History

First and Second Dynasties

The throne hall of Tajin

The First Jiesan Dynasty was founded after the fall of Silla in the early 933. Its first and only ruler was Emperor Tajin. Tajin remained in power for only two years until he was overthrown and the empire captured by the Goryeo Dynasty in 935. It remained annexed with the Goryeo Dynasty until its fall in 1392.

In 1392, King U sent two generals, Yi Seong-Gye and Seo Hwa-Gye, the latter of which was a descendant of Tajin, on a campaign to capture Liaoning of China. However, Yi Seong-Gye stopped at the border and rebelled. Upon learning about the rebellion, Seo Hwa-Gye staged his own rebellion and captured the city of Jindo, present-day Hwagye.

After killing the last three kings of Goryeo, Yi Seong-Gye established the Joseon Dynasty and sent his troops to defeat Seo Hwa-gye. Having already formed an army of his own, General Seo successfully prevented the invasion of General Yi's troops in the Invasion of Jindo. In 1393, Seo Hwa-Gye threatened to retaliate. General Yi, aware that his army had previously suffered a devastating defeat from General Seo, offered the eastern half of the Korean Peninsula for a peace treaty. In the same year, the two generals declared an armistice and the Jiesan Dynasty was re-founded with General Seo crowned as King Tajin II. The first 200 years of the Jiesan Dynasty was marked by relative peace and saw the creation of hangul by Sejong the Great of Joseon in the 14th century and the rise and influence of Confucianism.

In the latter of the 16th century, both Jiesan and Joseon were invaded by a newly unified Japan. During the Japanese invasions of the Koreas (1592–1598), centuries of peace had left both dynasties unprepared, and the lack of technology and poor leadership from the Joseon government and generals led to the destruction of much of the Korean peninsula. In 1593, Jiesan and Joseon agreed to be allies. In the first Japanese invasion (1592–1593), the army sent from China to assist Korea had a prescribed strength of 100,000, including 42,000 from five northern military districts and a contingent of 3,000 soldiers proficient in the use of firearms from Southern China. In the second Japanese invasion (1597–1598), Chinese army and navy involved were around 75,000 at the climax of the second campaign. In comparison, Japan's invasion army was depleted from 167,700 in the first invasion to 122,100 in the second invasion. Though outnumbered by the Japanese invasion force, however, continued Korean dominance at sea led by Admiral Yi Sun-sin, the rise of local militias, and the intervention of Ming China put Japan under great pressure to retreat in 1598.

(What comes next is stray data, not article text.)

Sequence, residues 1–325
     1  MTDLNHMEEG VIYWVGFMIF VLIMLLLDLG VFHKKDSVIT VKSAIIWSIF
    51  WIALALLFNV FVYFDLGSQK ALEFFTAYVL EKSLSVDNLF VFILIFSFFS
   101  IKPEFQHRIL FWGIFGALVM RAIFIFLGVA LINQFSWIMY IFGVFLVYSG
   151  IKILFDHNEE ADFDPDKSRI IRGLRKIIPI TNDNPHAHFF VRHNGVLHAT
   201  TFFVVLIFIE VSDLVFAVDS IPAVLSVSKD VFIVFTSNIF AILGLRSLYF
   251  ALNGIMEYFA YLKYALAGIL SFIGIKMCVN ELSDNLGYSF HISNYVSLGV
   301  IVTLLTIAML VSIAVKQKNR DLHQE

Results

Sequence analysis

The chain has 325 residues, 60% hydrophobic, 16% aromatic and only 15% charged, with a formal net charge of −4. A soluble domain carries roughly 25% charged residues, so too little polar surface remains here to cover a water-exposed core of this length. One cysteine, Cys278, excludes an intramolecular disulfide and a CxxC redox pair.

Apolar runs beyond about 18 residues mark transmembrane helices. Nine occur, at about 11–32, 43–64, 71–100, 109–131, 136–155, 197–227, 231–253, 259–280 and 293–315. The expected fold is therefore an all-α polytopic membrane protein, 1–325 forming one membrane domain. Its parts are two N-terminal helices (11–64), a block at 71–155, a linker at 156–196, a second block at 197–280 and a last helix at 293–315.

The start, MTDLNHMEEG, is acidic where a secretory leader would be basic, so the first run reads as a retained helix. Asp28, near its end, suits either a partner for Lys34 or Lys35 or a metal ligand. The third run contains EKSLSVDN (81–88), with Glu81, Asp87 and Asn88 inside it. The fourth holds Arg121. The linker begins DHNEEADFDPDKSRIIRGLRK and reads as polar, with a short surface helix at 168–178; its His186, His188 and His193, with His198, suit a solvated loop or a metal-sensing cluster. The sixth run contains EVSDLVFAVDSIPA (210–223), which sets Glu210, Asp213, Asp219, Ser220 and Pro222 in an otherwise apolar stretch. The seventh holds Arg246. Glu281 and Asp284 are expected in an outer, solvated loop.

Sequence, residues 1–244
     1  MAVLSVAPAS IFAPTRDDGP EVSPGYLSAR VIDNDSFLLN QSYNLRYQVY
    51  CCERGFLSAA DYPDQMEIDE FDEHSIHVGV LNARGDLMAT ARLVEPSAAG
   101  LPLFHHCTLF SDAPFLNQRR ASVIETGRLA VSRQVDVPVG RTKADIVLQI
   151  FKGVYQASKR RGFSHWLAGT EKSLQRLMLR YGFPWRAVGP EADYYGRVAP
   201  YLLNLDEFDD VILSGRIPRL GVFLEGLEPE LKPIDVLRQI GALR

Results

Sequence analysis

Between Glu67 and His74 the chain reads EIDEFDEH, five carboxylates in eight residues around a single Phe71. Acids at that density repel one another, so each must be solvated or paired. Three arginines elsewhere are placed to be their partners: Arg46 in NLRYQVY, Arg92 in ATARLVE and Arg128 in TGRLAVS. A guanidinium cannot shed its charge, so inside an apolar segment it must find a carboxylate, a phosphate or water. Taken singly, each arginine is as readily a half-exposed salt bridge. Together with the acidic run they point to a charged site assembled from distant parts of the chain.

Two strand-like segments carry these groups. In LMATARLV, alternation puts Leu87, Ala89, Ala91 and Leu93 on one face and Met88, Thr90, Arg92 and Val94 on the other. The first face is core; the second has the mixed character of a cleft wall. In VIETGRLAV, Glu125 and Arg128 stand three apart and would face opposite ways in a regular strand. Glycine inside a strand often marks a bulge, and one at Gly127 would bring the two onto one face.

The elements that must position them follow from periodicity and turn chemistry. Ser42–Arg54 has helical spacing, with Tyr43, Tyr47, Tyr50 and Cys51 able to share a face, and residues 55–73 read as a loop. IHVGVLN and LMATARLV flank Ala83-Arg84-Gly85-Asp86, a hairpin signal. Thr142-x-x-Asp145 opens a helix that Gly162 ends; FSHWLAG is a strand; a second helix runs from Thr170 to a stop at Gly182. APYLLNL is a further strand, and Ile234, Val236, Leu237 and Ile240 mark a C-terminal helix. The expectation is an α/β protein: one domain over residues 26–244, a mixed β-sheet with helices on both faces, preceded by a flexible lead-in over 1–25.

Between the 17th and 19th centuries, Jiesan went through another period of peace while maintaining a larger army. In 1610, Jiesan sent Tongsinsa(royal embassies) to Japan for diplomatic exchange between the two countries. In the later half of the 19th century, King Tajin XVI, later to be the last ruler of the Second Jiesan Dynasty, formed an isolationist policy for protection against Western Imperialism before being forced to trade under Japanese colonial rule.

Japanese Rule

Kilgeo under Japanese rule.

In the late 19th and early 20th century, various Western countries actively competed for influence, trade, and territory in East Asia while Japan sought to join these modern colonial powers. The newly modernised Meiji government of Japan turned to the Korean Peninsula, then in the sphere of influence of China's Qing Dynasty. The Japanese government initially sought to separate Jiesan and Joseon, then known as the Koreas, from Qing and make them a Japanese satellite in order to further their security and national interests.